Recently, more and more ambitious brain-computer interfaces and nerve repair techniques have become news. Last month, Elon Musk’s company Neuralink demonstrated wireless BCI with more than a thousand flexible electrodes inserted directly into the brain by a specialized robotic surgeon. (So far, the company has only shown short-term use in pigs.) Inserting electrodes is tricky. Although brain surgery is not entirely rocket science, there are risks to whether the surgeon is a robot. Even if the soft and delicate electrodes shown by Neuralink are sufficiently invasive, the brain will try to resist them and coat them with glial cells, thereby reducing their ability to conduct the electrical impulses they seek. Although implanted electrodes (such as the more commonly used “Utah Array”
At the same time, electrodes placed directly on the scalp absorb brain waves (electroencephalogram or EEG), but these electrodes lack the spatial details of implanted electrodes. Neuroscientists roughly know which part of the brain is doing what, but the more you know which neurons are firing, the more clearly you will know what they are firing.
Cortical EEG is a recent innovation that places the electrode net directly on the surface of the brain. Combined with the intelligent spectral processing of the signals received by these electrodes, ECoG is sufficient to convert the movements of the parts of the motor cortex that control the lips, jaws and tongue into text or even speech. There are other ways. Facebook acquired CTRL-labs for as much as $1 billion in 2019 in an attempt to obtain motion signals from wrist neurons. The inner core uses functional near-infrared spectroscopy on the head to sense brain activity.
Oxley and his colleagues’ stent electrodes, if they continue to show good results, will fit the spectrum between the implanted electrode and the EEG. Its inventor hopes that the second thing is closer to the first thing. But this is still in its infancy. Vikash Gilja said: “The core technology and core ideas are very cool, but considering where they access the signal, compared to other human-machine interface strategies, this is a relatively low-fidelity signal.” He is responsible for the transformational neural engineering of the University of San Diego UC laboratory. “We at least know that high-density ECoG recordings from the surface of the brain can convey information beyond the scope of this article.”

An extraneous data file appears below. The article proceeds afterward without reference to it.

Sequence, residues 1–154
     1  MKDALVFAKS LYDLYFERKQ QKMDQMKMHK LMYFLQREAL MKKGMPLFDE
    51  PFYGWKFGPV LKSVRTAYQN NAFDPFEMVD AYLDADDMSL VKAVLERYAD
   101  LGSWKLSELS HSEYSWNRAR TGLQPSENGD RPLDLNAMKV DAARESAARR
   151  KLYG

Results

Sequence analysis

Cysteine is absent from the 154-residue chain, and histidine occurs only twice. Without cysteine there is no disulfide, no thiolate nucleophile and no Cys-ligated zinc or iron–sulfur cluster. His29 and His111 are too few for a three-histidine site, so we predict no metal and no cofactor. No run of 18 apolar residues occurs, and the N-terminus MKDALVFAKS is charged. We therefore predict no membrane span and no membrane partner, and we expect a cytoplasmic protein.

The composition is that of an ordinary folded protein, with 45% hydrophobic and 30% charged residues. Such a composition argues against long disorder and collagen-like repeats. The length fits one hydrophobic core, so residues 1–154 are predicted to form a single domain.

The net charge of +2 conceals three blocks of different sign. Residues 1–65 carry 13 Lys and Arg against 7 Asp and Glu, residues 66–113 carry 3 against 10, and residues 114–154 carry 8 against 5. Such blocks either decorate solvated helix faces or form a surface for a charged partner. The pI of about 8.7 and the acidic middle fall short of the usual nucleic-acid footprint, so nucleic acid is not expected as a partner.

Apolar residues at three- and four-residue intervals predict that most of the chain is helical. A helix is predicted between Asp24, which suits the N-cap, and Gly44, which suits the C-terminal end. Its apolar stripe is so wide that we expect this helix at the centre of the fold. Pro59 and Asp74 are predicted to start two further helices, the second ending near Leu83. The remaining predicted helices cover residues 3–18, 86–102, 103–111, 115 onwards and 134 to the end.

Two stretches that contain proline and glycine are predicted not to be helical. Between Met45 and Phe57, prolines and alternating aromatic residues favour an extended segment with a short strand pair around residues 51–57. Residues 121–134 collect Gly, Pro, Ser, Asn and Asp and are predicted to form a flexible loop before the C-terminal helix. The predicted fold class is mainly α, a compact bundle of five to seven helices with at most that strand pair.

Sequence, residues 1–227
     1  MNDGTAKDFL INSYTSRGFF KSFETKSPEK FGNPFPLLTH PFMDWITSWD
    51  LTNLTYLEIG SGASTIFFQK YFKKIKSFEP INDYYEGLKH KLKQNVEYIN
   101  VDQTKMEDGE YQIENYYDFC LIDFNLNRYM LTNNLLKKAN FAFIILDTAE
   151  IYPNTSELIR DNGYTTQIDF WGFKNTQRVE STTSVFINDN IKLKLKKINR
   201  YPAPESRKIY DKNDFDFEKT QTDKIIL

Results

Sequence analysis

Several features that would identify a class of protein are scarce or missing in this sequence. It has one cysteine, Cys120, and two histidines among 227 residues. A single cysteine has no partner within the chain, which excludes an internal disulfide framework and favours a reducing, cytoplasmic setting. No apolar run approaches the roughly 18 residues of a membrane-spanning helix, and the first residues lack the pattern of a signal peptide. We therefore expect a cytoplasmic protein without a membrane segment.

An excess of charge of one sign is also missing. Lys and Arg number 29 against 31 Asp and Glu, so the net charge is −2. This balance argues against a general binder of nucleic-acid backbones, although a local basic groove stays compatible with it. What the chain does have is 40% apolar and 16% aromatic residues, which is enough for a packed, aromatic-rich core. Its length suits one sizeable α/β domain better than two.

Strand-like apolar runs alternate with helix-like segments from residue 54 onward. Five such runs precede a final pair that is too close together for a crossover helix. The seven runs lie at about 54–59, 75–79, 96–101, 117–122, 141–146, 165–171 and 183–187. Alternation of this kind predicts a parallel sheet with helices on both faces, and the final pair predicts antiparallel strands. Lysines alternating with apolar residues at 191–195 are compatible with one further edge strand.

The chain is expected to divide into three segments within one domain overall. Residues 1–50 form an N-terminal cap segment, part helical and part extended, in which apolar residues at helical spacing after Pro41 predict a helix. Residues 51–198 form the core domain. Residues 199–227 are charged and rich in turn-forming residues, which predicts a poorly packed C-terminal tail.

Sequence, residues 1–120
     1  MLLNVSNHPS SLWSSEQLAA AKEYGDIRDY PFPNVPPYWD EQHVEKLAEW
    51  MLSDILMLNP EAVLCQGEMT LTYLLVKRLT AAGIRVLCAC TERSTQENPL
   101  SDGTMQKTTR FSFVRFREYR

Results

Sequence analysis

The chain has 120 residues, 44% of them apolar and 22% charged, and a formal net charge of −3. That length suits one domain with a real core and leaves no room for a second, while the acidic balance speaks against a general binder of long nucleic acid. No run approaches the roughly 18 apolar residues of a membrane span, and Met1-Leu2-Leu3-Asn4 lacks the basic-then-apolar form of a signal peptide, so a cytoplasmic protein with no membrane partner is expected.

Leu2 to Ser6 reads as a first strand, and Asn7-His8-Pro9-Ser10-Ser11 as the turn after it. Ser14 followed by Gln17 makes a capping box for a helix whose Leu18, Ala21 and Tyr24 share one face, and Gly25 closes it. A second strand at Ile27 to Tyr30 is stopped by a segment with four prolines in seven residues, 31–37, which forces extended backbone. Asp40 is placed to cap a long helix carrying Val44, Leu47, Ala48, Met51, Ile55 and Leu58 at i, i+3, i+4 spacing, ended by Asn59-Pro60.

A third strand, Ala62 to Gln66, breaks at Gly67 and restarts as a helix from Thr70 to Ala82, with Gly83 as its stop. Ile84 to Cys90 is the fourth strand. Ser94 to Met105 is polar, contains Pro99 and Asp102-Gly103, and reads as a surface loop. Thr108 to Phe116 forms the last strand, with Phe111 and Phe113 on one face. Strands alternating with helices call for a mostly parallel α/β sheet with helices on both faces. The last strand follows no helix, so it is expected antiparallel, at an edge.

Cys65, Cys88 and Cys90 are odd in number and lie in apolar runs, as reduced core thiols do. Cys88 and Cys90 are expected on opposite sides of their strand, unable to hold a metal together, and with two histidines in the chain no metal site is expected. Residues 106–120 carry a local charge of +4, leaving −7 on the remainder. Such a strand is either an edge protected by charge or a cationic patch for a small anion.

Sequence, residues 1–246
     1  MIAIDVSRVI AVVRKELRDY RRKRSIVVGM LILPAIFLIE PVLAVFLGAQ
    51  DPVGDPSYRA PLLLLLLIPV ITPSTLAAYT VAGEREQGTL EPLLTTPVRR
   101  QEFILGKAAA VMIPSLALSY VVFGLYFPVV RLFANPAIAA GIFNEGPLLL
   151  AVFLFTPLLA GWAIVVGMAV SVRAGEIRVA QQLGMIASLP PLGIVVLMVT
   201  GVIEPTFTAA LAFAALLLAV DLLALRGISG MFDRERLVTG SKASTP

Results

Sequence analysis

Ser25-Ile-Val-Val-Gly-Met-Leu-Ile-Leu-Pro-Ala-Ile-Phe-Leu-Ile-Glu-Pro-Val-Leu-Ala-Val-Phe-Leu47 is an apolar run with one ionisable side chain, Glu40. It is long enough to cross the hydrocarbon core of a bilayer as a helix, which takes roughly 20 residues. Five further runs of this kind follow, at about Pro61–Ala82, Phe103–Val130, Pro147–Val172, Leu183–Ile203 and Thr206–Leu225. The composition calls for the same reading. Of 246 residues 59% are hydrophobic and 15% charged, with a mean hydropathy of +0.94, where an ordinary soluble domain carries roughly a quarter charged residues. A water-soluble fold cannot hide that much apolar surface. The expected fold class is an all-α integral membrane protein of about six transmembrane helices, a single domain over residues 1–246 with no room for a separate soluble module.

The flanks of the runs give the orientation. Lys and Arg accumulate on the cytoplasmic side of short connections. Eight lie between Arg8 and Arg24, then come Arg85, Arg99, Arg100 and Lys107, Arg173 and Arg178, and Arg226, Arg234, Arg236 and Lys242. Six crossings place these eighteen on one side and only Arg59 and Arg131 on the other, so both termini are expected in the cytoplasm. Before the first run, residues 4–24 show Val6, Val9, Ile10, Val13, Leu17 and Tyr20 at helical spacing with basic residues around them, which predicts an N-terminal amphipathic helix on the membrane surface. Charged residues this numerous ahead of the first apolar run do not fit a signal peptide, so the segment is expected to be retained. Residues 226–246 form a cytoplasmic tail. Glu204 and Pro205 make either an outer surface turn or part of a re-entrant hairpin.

One possible problem is that the tissue conducts electrical impulses, but the electrodes in the stent receive signals from the brain through blood vessel cells. This reduces the signal content. “If we were to record the recording of the cortical surface and compare it with the Utah array experiment (a lot of clinical experience with implanted electrodes), I would say that the recording method in ECoG limits the rate,” Gilja said. (Just for transparency reasons, I should point out that Gilja does paid work with BCI companies including Neuralink. In theory, Synchron can one day compete with it.)
Therefore, it may not be good enough for neuroscience, but it may be useful for paralyzed patients who wish to maintain a low BCI and do not need to drill the skull. Andrew Pruszynski, a neuroscientist at Western University in Canada, said: “To become an intrusive technology, there is a trade-off between the degree to which information is collected.” “This is an attempt. Reach the middle ground and insert the catheter close to the nerve activity.” It is obviously invasive, but certainly not as invasive as inserting electrodes into the brain. “